Plumbing Manufacturers Intl. (PMI) decided to focus its 2017 advocacy on a series of efforts intended to educate policymakers about the untapped water-saving potential of water-efficient plumbing products, potential threats to safe drinking water, and the need for a restored national water infrastructure.
While communications between PMI and policymakers about these issues are ongoing, CEOs and other top executives from PMI member companies will meet with legislative leaders during PMI’s Executive Forums and Fly-Ins June 13 to 14 in Sacramento, Calif., and late summer or fall in Washington. PMI CEO and Executive Director Barbara C. Higgens is available for background or comment on the following issues.
PMI and the Alliance for Water Efficiency (AWE) have a study in progress to determine potential water savings that could be achieved by replacing older inefficient toilets with water-efficient models. With results due in spring 2017, the “Saturation Study of Non-Efficient Water Closets in Key States” is focused on Arizona, California, Colorado, Georgia and Texas—states that have experienced serious water shortages. This research follows up a 2015 PMI/GMP Research Inc. study of water-efficient toilets, showerheads and faucets installed nationwide.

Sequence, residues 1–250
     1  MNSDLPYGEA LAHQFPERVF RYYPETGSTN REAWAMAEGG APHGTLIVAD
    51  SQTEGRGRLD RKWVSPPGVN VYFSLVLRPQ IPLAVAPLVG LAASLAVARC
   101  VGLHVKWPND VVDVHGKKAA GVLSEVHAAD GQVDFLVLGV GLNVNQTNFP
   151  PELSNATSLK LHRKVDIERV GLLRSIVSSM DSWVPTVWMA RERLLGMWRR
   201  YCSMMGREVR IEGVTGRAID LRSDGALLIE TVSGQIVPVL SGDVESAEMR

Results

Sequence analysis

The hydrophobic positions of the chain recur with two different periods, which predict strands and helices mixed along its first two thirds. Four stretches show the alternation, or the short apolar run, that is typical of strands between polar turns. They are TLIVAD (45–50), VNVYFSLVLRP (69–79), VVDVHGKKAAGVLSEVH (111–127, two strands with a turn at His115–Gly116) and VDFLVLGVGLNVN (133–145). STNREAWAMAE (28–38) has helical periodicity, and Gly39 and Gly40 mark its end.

Another PMI study, in progress under the direction of Dr. Paul Sturman of Montana State University, will test the hypothesis that low flow rates yield a greater proliferation of opportunistic waterborne pathogens, such as legionella, in potable water and create unsafe conditions. The results of this study also are expected this spring.
PMI also is awaiting with interest for the results of a Virginia Tech study under the direction of Drs. Amy Pruden and Marc Edwards that is exploring the relative abundance and diversity of antibiotic-resistant genes and pathogens in reclaimed (recycled) versus potable water distribution systems. With results due in spring 2017, this study is particularly relevant given plans in California to expand the installation of recycled water systems that use non-potable water in toilets and urinals and with personal hygiene devices (bidet seats) installed by consumers after construction. Virginia Tech researchers also recently released the results of a study concluding that interrupted corrosion control caused the Flint, Mich., water crisis.
With an aging underground water infrastructure having been identified as a contributor to lead-in-water crises in Flint and other locations, congressional leaders from both parties have expressed interest in developing job-creating legislation that would restore American infrastructure. PMI will be urging Congress to address water infrastructural concerns through this legislation. Last summer, PMI introduced its water infrastructure advocacy through a position paper and infographic.
Source: Plumbing Manufacturers Intl.